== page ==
Tempietto by Donato Bramante in Rome. The Parthenon in Athens. Angkor Wat in Cambodia. The Barcelona pavilion in Spain. The Guggenheim Museum in New York. And the White House in Washington.
All of them have been made into architectural birthday cakes by Kaywin Feldman, director of the National Gallery of Art, as a gift to her architect husband. “I’m not a cook, so these are not pastry masterpieces,” explains the 55-year-old man, who used carrots for the minarets of the Hagia Sophia in Turkey. “They kind of amuse me.”
It seems fair that the custodian of some 156,000 works of art, Rembrandt at Rothko, not to mention a constant cycle of temporary exhibitions, should afford a full-fledged, though unusual, creative outlet (she also carves fresh jars of peanut butter).
Feldman became the fifth director of the National Gallery – and first woman to lead it – in March 2019. A year later, she initiated an unprecedented shutdown due to the coronavirus pandemic and, like other cultural leaders, faced historic racial injustices in the wake of the police murder of George Floyd in Minneapolis.
Now the gallery has a handful of new exhibits that include the African American photographer James van der zee chronicle of life in Harlem, New York, in the 1920s and 1930s, and The new woman behind the camera, a radical reassessment of the impact of women on the history of modern photography.
Sitting in a beige seventh-floor office with one of the best views in Washington – her window is dominated by the west facade of the United States Capitol, scene of presidential nominations and the insurrection of January 6. The National Gallery, which receives two-thirds of its budget from Congress, is a national treasure that offers free admission and was receiving about 5 million visitors a year before the pandemic.
Feldman says: “I feel like I was hired with a clear mandate from the board which, as they like to say, is to hand over the ‘national’ to the National Gallery and think about how which we serve the American people, because a large part of our funding comes from American taxpayers.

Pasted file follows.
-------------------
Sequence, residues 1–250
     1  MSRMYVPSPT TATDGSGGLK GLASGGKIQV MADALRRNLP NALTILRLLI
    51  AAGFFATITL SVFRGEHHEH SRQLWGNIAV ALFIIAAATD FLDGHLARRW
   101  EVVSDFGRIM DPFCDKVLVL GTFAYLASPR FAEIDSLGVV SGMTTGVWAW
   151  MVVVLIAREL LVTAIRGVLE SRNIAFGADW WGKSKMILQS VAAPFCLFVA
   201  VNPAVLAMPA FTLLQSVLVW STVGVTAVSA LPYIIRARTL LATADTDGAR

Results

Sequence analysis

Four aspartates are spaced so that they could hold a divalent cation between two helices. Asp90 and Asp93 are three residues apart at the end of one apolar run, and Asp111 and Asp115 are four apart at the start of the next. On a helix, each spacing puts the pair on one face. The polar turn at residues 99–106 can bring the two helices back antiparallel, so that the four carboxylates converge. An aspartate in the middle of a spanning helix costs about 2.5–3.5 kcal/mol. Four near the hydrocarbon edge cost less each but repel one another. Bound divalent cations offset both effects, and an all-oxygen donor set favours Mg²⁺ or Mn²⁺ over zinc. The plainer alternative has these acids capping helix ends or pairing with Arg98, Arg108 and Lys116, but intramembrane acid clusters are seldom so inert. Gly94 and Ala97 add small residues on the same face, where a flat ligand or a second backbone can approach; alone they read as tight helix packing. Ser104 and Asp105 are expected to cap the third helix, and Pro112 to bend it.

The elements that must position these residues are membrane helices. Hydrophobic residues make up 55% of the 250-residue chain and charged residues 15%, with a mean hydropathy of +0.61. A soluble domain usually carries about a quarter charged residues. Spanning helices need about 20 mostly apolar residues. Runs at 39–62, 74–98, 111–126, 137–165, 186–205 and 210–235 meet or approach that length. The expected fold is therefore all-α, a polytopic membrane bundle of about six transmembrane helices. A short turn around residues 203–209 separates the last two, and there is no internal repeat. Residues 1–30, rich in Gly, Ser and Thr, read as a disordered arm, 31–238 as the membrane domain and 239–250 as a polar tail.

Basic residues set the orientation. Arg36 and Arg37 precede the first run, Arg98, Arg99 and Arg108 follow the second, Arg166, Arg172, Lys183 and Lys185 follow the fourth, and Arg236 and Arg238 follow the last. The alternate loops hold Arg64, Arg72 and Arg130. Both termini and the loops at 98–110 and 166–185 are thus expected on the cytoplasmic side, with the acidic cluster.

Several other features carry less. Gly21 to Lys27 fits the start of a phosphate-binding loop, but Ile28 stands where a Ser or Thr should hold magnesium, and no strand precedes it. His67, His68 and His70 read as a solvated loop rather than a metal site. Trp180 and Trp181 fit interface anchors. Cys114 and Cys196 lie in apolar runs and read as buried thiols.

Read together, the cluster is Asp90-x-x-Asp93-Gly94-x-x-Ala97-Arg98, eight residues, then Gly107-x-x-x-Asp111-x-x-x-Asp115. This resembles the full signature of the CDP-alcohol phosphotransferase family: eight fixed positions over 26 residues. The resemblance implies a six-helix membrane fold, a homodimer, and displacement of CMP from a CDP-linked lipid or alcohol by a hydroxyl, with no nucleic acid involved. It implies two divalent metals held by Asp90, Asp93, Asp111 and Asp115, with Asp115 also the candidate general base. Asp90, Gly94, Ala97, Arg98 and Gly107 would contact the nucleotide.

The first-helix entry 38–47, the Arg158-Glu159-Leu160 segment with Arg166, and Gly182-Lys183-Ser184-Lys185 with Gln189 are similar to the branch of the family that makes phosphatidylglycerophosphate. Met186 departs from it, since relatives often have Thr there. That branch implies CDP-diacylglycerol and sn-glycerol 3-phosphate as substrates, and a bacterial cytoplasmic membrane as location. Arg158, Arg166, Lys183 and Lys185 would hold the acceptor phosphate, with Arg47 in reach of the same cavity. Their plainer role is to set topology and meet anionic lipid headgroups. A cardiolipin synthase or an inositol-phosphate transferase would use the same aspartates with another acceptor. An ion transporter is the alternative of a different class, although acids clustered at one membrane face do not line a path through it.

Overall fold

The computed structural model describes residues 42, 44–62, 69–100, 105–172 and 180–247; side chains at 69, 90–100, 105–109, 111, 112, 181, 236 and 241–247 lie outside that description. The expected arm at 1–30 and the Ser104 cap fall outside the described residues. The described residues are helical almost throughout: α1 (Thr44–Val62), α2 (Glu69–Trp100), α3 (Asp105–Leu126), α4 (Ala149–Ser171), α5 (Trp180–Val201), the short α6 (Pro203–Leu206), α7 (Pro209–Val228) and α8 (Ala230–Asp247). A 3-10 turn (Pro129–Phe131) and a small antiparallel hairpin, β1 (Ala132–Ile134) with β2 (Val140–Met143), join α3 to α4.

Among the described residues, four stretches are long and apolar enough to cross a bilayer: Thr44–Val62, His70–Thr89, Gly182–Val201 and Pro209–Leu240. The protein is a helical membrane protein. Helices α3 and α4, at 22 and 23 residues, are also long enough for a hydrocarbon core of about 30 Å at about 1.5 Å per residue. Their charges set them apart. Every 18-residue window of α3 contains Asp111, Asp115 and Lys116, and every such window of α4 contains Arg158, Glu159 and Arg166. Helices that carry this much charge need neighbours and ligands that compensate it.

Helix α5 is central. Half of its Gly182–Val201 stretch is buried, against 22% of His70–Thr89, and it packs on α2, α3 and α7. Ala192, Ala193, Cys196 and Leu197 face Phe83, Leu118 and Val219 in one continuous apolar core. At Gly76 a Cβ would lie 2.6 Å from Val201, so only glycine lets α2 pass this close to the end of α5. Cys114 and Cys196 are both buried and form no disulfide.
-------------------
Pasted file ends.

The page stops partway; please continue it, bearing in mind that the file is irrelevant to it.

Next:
Some of the first steps include strengthening the gallery’s digital strategy and responding to calls from many visitors for better signage around its labyrinthine buildings. She discovered that there was no simple, unifying brand identity. So she created a new logo, combining a conservative typeface and a vibrant color palette, designed by the world’s leading design company. Pentacle.
Then, just over a year into his tenure, Covid-19 struck. The establishment has weathered the storm better than most. He did not have to make drastic staff cuts and was forced to cancel just one exhibition, although the dates of the others were juggled. Like other museums, it has suffered shutdowns and starts, with its longest period of closure being from November to May.
Even then, Feldman came to work almost every day with a small team of 60 to 80 security and maintenance personnel. Sheltered from the crowds of tourists, she had the privilege of walking the halls and savoring her personal favorites such as a portrait of Napoleon by Jacques-Louis David and The Feast of the Gods by Giovanni Bellini and Titian. But the novelty quickly faded.
“During the first two weeks I was like, ‘Ah! I have the gallery all to myself, I can go to all the galleries and enjoy the collection, ”she says. “I did it for a while and then it got depressing. As fantastic as the works of art are, they need people to bring them to life and I didn’t like the total calm and still atmosphere.
Then came the Black Lives Matter uprising. Having lived in Minneapolis for 11 years prior to taking this position, Feldman was well aware of the local context surrounding the death of Floyd, an African American, below the knee of police officer Derek Chauvin. Museums, theaters and other organizations that have long pretended to stand up for racial diversity, equity and inclusion have faced a new judgment.
Feldman says: “Most organizations, but certainly museums, are all about people and so issues like this resonate. Since I arrived, this is a topic we have been talking about, but the murder of George Floyd only added more urgency to getting the job done and realizing everything we had to do. “
The gallery notably postponed an exhibition by Philip Guston, a white artist whose work depicts hooded cartoon-like figures that allude to the Ku Klux Klan in an attempt to criticize white supremacy. Feldman has been condemned, including by some black artists, for apparently trying to dodge possible controversy.
She defended the decision by an article for the international art magazine Apollo earlier this year: “Guston used these numbers to explore the seeds of racism and the capacity for evil in all humans. His intentions were good, as were those of the National Gallery in presenting the exhibition. But these good intentions don’t negate the trauma we can cause in a public display of images that refer to slavery, lynching and racial terror.